Change is in the air across Europe. This summer, British member of Parliament Gordon Brown will almost certainly replace Tony Blair as the new Labour leader, and in France, the era of Jacques Chirac will come to an end April 22 when the search for a new president begins.
Despite the possibly premature courting of Brown by European Commission President JosÃ© Barroso and Angela Merkel (working as both the European Council president and German chancellor) in order to gain British acceptance for a new Constitution Treaty, French uncertainty will be the first hurdle to overcome if the European Union is to move forward – especially with the changes that their national elections will usher in. The frontrunners in the race, conservative Nicolas Sarkozy and socialist SÃ©golÃ¨ne Royal, are retreating to their domestic constituencies and hoping to gain more support by proposing changes to the European Union that would benefit France at the expense of other members.
Leading in the polls, Sarkozy has blamed the euro for stunting French economic growth and has hinted at a desire to create competition with the European Central Bank, an action that would anger the German hosts of the institution. Mrs. Royal, on the other hand, wants to include more basic social standards to the new Constitution Treaty; this would only to anger and alienate European members who have not matched the other states’ accomplishments.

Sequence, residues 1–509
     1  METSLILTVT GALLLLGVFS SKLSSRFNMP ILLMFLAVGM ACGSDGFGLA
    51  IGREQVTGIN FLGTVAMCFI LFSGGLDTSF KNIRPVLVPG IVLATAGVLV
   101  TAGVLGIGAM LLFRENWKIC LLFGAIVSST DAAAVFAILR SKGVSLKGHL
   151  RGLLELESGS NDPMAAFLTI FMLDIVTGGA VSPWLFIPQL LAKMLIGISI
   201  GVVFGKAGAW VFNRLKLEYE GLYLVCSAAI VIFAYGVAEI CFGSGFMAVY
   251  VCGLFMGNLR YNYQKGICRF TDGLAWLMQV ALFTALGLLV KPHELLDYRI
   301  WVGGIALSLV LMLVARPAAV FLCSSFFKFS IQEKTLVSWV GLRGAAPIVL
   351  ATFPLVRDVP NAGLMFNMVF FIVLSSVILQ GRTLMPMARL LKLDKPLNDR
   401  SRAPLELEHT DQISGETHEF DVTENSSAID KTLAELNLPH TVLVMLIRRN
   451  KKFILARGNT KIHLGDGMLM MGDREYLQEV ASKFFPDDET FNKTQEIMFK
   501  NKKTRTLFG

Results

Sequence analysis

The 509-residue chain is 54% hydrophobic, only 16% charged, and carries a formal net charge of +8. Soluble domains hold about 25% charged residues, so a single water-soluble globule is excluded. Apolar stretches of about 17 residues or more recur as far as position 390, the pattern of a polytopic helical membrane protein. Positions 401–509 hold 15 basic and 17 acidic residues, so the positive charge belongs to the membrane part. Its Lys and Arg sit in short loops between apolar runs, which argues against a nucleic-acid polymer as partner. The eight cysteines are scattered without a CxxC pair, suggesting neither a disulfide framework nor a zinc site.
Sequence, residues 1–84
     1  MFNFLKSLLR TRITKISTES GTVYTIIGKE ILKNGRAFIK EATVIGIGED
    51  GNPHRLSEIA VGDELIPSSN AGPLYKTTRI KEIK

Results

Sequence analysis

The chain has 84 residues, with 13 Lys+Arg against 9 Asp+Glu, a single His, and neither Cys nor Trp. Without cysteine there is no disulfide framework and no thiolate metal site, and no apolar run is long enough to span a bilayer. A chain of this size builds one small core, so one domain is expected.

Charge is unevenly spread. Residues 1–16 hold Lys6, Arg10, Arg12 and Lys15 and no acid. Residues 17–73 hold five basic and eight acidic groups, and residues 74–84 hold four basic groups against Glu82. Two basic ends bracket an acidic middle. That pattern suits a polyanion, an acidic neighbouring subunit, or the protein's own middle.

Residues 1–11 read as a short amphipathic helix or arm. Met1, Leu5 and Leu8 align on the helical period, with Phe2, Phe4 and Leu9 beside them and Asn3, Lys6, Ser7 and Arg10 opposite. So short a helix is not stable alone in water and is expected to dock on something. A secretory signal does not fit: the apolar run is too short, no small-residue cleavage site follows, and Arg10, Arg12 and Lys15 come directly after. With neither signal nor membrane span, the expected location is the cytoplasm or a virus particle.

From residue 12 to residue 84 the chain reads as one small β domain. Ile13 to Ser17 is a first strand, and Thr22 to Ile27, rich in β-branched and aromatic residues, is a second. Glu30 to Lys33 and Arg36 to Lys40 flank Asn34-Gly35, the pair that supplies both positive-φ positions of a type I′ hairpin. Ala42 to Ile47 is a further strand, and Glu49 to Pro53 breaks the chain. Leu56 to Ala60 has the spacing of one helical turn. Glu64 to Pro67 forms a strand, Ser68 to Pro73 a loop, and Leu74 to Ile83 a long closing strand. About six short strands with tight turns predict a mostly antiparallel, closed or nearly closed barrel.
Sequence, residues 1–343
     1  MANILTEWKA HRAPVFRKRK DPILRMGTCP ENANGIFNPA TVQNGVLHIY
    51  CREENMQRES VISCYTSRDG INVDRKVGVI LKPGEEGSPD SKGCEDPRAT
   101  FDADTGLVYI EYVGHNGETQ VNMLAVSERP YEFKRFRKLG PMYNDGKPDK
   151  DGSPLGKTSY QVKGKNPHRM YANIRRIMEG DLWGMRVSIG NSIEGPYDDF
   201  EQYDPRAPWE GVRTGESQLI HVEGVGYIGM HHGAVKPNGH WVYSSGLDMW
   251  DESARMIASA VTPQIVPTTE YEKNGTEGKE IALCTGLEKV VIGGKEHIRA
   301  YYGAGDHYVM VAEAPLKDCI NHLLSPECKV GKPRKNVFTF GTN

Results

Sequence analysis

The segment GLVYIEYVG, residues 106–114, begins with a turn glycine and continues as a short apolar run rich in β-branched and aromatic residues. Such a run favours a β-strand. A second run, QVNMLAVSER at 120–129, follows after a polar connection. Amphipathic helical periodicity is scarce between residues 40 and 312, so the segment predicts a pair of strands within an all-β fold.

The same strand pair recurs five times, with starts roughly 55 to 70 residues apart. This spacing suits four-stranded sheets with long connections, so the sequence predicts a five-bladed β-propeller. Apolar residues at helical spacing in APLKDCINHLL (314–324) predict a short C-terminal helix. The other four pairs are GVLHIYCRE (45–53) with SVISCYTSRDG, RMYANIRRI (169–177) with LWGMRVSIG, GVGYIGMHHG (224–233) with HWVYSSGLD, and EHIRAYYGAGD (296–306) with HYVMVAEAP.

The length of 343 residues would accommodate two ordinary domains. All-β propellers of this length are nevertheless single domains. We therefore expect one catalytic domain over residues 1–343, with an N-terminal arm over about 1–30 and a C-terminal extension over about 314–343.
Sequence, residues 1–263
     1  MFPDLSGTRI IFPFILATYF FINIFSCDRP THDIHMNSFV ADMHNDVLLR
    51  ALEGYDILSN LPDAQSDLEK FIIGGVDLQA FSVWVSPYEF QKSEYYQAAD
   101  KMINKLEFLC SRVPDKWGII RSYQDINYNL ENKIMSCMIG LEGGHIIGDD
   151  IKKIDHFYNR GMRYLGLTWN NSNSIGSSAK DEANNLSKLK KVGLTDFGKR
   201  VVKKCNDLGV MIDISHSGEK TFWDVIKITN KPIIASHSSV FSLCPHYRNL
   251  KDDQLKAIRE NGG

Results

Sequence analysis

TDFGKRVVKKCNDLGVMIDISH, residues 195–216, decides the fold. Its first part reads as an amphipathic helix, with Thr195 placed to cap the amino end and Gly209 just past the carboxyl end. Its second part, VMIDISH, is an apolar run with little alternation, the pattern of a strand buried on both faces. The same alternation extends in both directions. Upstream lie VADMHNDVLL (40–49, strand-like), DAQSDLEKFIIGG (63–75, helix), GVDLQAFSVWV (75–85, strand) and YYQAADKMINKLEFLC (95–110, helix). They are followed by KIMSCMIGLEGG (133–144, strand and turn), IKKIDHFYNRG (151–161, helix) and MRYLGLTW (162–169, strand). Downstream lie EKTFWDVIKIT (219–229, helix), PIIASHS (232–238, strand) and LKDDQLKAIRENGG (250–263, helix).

The problem, though, is not in the difference between the candidates, but with the French themselves. Recent French polls show that 42 percent of voters are still undecided – uncertain about how they want their future to progress. The E.U. leadership should be courting the public instead of the leaders in this election-bound nation because, despite which leader is chosen, there will almost certainly be only slight differences in how they approach the European Union – differences that will not risk the European Union’s 50 years of achievements. While returning to a de Gaullist fold is nearly impossible, these candidates are simply trying to present France as superior to, and independent from, the European Union – as every European leader attempts to do when it comes time for national elections. All this does is reinforce Euro-skepticism within the citizenry and politicians wonder why after 50 years of unity there is still apathy and mild resentment toward a union that is perceived as being nothing more than a bloated bureaucracy.
The leadership of the European Union should be working to change this view and utilize upcoming elections and power transitions to promote a more public role for the European Union in the member states. There should be a refusal by the up-and-coming European leadership to resort to played out domestic fears and to instead embrace the European Union as an institution that has kept the peace and led to enormous economic advances. If there is any way to destroy the views of the European Union, it will have to come from the leaders of the member states who should not let political setbacks derail future advances.